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What is to be done?

01 Jun 2022 | OP ED Watch

Climate alarmists can’t seem to decide whether to glide smoothly to a high-tech green paradise, smash everything and start over with smaller bits, finally get woke, or sit down for a good cry. George Monbiot of the Guardian, for instance, denounces optimism about new technology and adaptation as “fairytales”. Others zoom off to new worlds of intersectionality. But Canary Media, not always our favourite outlet on climate, passes the alarmist sanity test by praising the latest, greatest, smaller nuclear reactors.

Monbiot cannot be blamed for the headline “We need optimism – but Disneyfied climate predictions are just dangerous” because editors not authors create headlines. But it’s a pretty good summary of a piece that denounces “economist Oded Galor’s much-praised new book, The Journey of Humanity” as just “the latest in a line of books by professional optimists – Gates, Steven Pinker, Matt Ridley – who have failed to grasp the nature of either Earth systems or the political economy that bears upon them.” Among other things, wretched humans aren’t disappearing fast enough for good old Earth. But he has a plan that will help.

Monbiot is one of those people for whom it’s all a question of what consequences you call into existence by the sheer Promethian or worse exercise of your sovereign will. He denounces all these would-be practical environmentalists as “not climate deniers; they are politics deniers. They appear to believe that the transformations necessary to prevent systemic collapse can happen without political pressure or political change.” Grim George knows better.

He says

“only a radical break from business as usual will prevent planetary disaster. This requires the mass mobilisation of citizens to demand that their governments stop these projects and keep fossil fuels in the ground. How do we know such protests work? Because if they didn’t, our government would not be planning to ban them. Politics, which means seeking to change the decisions made in our name, is all that stand between us and catastrophe. This is why I see the politics deniers as more dangerous now than the climate deniers.”

Whereas we see people who don’t tell us what happens the day after we get rid of fossil fuels as more dangerous than a wildfire and a tornado full of mutant sharks hitting the same day.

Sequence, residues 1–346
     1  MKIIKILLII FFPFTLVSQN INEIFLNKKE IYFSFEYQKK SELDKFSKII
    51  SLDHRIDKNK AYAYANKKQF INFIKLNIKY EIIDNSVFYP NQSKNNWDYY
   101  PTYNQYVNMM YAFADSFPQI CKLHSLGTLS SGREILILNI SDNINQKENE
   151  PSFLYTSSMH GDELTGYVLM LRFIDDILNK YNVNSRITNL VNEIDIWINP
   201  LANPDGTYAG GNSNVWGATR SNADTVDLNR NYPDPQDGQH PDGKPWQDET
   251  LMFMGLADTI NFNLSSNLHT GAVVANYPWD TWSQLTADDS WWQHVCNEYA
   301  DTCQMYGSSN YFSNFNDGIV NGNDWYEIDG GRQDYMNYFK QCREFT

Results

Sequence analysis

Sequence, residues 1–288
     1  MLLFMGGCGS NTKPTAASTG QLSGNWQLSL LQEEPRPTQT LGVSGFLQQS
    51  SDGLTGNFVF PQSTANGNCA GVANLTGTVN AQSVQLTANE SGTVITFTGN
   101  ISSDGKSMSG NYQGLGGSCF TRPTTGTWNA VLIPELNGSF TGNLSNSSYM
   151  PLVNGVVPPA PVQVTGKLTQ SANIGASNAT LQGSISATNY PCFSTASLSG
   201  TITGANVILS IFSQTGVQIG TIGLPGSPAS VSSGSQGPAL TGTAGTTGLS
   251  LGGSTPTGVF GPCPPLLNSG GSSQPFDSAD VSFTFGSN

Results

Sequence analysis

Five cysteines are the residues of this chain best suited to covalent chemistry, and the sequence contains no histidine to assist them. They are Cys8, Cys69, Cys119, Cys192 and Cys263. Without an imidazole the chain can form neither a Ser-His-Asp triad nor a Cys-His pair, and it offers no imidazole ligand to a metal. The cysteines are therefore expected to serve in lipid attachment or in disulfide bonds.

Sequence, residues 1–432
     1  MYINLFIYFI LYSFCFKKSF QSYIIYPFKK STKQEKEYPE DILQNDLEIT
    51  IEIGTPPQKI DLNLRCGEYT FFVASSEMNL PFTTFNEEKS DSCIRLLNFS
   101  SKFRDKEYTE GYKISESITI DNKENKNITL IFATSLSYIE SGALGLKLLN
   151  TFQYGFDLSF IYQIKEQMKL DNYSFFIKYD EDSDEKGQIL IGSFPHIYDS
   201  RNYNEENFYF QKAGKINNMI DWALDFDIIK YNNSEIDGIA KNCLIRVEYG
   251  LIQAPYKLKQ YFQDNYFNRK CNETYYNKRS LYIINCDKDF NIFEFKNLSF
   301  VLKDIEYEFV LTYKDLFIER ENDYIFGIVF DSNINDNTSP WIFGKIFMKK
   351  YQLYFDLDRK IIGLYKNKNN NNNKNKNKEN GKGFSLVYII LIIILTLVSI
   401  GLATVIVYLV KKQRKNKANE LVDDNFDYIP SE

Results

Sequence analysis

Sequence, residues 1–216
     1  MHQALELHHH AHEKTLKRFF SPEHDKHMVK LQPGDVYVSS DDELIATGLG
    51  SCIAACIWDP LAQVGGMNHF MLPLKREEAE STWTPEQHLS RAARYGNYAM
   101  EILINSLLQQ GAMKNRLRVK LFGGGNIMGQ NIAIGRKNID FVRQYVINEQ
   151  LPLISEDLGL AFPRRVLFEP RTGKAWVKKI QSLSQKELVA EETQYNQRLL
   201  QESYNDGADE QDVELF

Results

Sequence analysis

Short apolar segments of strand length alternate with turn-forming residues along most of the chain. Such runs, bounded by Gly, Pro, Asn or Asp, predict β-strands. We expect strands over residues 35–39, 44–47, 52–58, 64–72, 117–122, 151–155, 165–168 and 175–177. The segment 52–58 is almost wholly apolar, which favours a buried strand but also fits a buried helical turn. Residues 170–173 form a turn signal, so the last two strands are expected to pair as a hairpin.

Not to be outdone wokewise, perhaps because heat is depriving them of sleep,

“Northumbria University researchers are part of a unique team working on a new £1m project to better equip Indigenous communities in the Arctic against the disproportionate impacts of climate change. The study, involving local community researchers and action groups, government agencies and decision-makers, Inuit knowledge-holders, and leading UK and Canadian academics, will investigate changing ground conditions and assess their wider implications in coastal regions of Canada’s Inuit homeland that are under threat from thawing permafrost, disappearing sea ice and high rates of erosion.”

So leaping into committee is certainly one option. But others have slightly more practical plans. In a separate piece Canary Media laments that “California’s plan to avoid blackouts relies on fossil fuels as last resort”. And it’s worse than that headline lets on since actually “California Governor Gavin Newsom (D) has proposed $6.7 billion in additional spending over the coming years to shore up grid reliability. Some of that spending – nearly a billion dollars – would be aimed at expanding carbon-free energy. But much more of it – about $5.2 billion – would likely end up going to gas power plants and diesel backup generators the state hopes it won’t have to use.” Somehow we think putting $5.2 out of $6.7 billion into hydrocarbons is more like “main plan” than “last resort”. But we’ll cut them some slack since they’re also apparently realizing that if you really think fossil fuels are bad yet understand that energy is good, you should be wildly enthusiastic about modern nuclear power. It may not be the best option. But it’s a sane option.

For our money, staying sane is always a good plan.

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